I’d like to give a little summary of Rancho San Martin. The property is just in it’s beginning stages. We plan on making Rancho San Martin a demonstration site that will serve the surrounding community as a model of sustainable agriculture. The site consists of 20 hectares with 2 hectares of cleared land for food production. The remaining 18 hectares is wild desert that has the potential for wild pitaya harvesting. Our soil is very sandy with small amounts of organic matter.
We have put in a swale at the top of our field to capture the water that runs on to the field from a 35 hectare catchment area upslope. We plan on implementing an alley cropping system consisting of 9 meter thick rows of leguminous/fodder trees( leucaena, moringa and tagasaste) followed by 20 meter thick alleys of papaya production. Under the papaya canopy we plan on planting heat sensitive to increase diversity and yields per hectare.
During the initial stages of the project we are thinking about making a silvopasture system in order to build soil nutrients and organic matter. Livestock could graze on the leguminous trees while amending the soil. Once nutrient and organic matter levels are up we will then plant papaya. Where we are purchasing compost is very expensive and compostable materials are hard to come by. We can make enough compost for one 20 meter alley of papaya but were hoping the livestock grazing on the fodder trees would be enough to amend the soil.
I am attaching some from google earth but soon i will post pics from on site.
posted 5 years ago
We have recently started to convert our garden beds to on contour sunken beds. They look great! You can tell just by looking at the low profile bed that this is the right way to dig garden beds in drylands.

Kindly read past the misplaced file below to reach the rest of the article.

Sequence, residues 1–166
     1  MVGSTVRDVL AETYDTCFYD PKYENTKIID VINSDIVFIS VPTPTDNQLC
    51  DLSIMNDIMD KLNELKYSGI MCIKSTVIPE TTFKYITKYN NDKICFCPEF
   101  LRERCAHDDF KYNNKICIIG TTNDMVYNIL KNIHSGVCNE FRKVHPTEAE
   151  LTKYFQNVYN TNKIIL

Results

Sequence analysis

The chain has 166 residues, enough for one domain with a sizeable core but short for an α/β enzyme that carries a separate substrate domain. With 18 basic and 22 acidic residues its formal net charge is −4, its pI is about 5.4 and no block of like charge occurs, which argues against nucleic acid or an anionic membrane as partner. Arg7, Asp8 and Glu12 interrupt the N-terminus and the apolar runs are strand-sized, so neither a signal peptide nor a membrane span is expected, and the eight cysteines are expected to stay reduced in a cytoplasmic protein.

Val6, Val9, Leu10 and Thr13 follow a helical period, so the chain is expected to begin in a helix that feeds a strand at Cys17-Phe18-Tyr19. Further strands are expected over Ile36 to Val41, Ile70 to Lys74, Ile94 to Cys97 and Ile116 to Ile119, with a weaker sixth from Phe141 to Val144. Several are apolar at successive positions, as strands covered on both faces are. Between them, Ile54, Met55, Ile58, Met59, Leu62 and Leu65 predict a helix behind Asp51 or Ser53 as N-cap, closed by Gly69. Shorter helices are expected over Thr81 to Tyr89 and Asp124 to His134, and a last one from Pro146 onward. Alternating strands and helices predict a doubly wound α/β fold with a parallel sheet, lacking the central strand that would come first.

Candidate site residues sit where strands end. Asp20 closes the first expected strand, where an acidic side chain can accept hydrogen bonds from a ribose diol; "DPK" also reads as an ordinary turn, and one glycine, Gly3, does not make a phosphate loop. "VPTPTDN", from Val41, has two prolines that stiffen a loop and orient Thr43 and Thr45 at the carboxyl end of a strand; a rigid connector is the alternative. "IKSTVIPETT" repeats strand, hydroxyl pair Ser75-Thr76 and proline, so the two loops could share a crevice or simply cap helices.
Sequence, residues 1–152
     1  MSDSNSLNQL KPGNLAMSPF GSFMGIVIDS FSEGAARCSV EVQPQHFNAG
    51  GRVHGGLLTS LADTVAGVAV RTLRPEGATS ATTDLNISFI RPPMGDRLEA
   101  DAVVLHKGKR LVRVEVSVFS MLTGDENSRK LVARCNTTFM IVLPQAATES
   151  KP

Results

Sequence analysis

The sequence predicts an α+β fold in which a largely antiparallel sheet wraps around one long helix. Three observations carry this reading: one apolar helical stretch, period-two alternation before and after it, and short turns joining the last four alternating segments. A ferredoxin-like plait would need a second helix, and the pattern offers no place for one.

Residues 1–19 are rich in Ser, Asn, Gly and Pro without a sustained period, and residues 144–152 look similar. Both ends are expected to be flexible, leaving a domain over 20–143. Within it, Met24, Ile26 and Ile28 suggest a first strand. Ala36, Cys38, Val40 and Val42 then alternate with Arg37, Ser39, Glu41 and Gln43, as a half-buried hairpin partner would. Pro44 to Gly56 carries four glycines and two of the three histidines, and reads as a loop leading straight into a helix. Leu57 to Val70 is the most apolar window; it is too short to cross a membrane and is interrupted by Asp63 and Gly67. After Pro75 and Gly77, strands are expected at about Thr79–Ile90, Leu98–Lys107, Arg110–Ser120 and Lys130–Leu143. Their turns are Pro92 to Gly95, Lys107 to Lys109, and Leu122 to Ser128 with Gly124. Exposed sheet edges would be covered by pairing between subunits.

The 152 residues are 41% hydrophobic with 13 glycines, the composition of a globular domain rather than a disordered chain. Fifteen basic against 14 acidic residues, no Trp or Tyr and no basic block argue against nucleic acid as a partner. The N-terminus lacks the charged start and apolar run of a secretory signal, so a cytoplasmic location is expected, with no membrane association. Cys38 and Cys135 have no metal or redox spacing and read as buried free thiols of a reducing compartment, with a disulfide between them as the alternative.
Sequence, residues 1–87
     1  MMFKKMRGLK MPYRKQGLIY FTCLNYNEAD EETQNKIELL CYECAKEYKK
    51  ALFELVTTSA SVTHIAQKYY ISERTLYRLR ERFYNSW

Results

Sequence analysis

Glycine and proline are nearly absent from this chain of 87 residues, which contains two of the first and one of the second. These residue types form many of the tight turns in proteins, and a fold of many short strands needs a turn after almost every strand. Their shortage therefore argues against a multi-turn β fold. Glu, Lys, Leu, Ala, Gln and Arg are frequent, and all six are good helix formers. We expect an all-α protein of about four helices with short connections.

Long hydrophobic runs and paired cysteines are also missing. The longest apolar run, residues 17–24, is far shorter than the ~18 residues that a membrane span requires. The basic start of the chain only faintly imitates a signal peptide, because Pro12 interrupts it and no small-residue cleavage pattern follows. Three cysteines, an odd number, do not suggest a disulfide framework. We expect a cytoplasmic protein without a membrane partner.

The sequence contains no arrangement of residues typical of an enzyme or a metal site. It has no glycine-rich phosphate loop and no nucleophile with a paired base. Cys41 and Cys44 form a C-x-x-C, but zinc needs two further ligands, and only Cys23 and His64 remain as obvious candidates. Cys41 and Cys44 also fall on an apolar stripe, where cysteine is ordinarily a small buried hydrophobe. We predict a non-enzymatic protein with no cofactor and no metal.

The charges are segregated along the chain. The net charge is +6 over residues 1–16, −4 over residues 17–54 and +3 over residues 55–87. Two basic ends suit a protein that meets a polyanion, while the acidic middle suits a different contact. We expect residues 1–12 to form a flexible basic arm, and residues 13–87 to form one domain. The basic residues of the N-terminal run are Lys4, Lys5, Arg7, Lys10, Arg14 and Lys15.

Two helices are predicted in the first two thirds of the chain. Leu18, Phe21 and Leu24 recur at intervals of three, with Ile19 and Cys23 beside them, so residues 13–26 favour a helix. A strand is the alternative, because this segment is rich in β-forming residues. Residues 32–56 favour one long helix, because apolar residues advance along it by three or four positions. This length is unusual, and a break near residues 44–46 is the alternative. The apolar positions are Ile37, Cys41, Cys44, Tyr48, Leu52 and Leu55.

I have some pictures of the swale that we built about a month ago. It is positioned at the top of our field in order to capture the water that is running onto our property from a 35 hectare catchment area upslope of the site. It looks large but our calculations were based off of the 100 year rain event which, due to climate change are happening much more frequently. Our spill way is 3 meters long which should passively allow water to leave the swale at a rate of up to 3 cubic meters of water per second. We have seeded the swale with a mixture of low water use annuals including tapari bean, amaranth, papalo, local sunflower, mammoth sunflower, buffalo grass, basil and huauzontle. We timed the seeding with the beginning of the seasonal rains to help with germination.
Just a quick update, The seasonal rains have come through in the past month which did wonders for the seeds we planted on our swale. Our berm looks nice and stabilized. Also, I forgot to post pics of our greywater system. The bananas are loving it and the papayas are growing nicely too.